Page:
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As the newly appointed Chair of the Film Development Council of the Philippines, Liza Diño-Seguerra paid Baguio a visit to hold a Film Forum. Liza admits, “[independent film making] is not [yet] considered an industry, sad to say,” and it’s no doubt that independent filmmakers face many challenges in their craft. “Indie lang yan” is the condescending generalization when regional filmmakers try to market their works or distribute them in cinemas. So the forum was held to address these issues, and with a positive turn up of filmmakers, students, and other film enthusiasts in general, possible solutions were raised in order to help bring more exposure and importance to independent film making. Here are some of the takeaways from the forum:

A legislation is needed for a film quota law to protect independent films. As we are all stakeholders of the industry  – filmmakers, producers, cinema owners, and the audience – we need to train the audience and get them to realize that there are other films out there.

The FDCP is exploring the establishment of a Cinema Evaluations Board, which will give a rating to independent films, determining the length of time for the film to be played in the cinema and a fixed cut that the cinema owners will receive.

We can look forward to a Cordilleran Film Festival soon. There will be an open call for entries to promote transparency and inclusiveness. The festival may start with short films and documentaries.

Cinematheque Baguio will be appointed as the satellite office of FDCP, and this will be a “safe place” for filmmakers in which intellectual discourse and critiques on films can be exchanged.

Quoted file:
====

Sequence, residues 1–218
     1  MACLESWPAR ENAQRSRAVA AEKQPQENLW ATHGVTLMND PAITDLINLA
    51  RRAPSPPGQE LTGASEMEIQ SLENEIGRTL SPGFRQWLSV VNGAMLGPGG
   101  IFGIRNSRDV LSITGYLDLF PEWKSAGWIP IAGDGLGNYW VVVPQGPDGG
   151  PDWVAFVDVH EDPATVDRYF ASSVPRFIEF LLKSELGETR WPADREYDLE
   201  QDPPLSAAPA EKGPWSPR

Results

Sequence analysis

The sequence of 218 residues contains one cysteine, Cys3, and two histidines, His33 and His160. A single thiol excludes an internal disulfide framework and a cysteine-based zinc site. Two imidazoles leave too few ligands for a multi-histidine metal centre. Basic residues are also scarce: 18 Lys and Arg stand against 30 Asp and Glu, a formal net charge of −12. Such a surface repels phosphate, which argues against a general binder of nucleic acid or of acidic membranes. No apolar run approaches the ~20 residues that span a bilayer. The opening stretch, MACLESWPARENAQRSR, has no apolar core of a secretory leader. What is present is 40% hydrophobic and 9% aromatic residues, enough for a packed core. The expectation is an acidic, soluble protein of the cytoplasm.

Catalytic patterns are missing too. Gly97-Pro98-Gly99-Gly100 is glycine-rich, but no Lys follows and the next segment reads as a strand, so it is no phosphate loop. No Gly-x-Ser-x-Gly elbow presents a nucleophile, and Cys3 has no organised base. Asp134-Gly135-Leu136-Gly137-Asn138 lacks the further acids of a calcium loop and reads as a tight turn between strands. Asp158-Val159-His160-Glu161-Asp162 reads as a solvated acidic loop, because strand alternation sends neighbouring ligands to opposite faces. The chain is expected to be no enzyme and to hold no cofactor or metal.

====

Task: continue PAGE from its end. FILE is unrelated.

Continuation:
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There will be workshops to look forward to. These will tackle editing, production, sound design, and other aspects of filmmaking in order to share more knowledge and skills to the youth and to those who are very interested in the industry but do not have the experience with the technicalities of filmmaking. Filmmakers will also be groomed in the aspects of development to distribution of their works.

The FDCP is also looking into the creation of a directory or database in each region which can provide access to logistics, local filmmakers and actors. A separate committee may be appointed for this endeavor.

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Liza also wants to make known that the FDCP is there for assistance [not necessarily funding] to filmmakers. One of which is overseas travel assistance offered to qualified filmmakers. They are also exploring the possibility of a Film Investment Fund. They will also do their part in making public any grants available which are provided by private institutions.

Some of those present in the forum also brought up the issue of sensitivity to indigenous peoples featured in films. While the National Commission on Indigenous People is there to help, Liza advises that the best way to get through to indigenous groups is to engage them and involve them in the process.

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Other projects being proposed are: a mobile truck project to encourage film appreciation, holding online classes on aspects of film making, building more cinematheques and art house cinemas, and providing in house libraries on film appreciation, film criticism, and the like.

In closing, Liza states that film and cinema will always find its own audience, but there has to be coordination between the organization(s) and filmmakers in order for the independent film industry to find its place and light. Though the plans and projects discussed in the forum are still ideas that are up in the air, it’s quite exciting to see how regional filmmaking will fare in Baguio and in the Philippines as a whole in the months and years to come.

What are your thoughts on the rise of independent film making in Baguio? Do you have any issues you would like to raise? Share them to us. We would love to know what you think.

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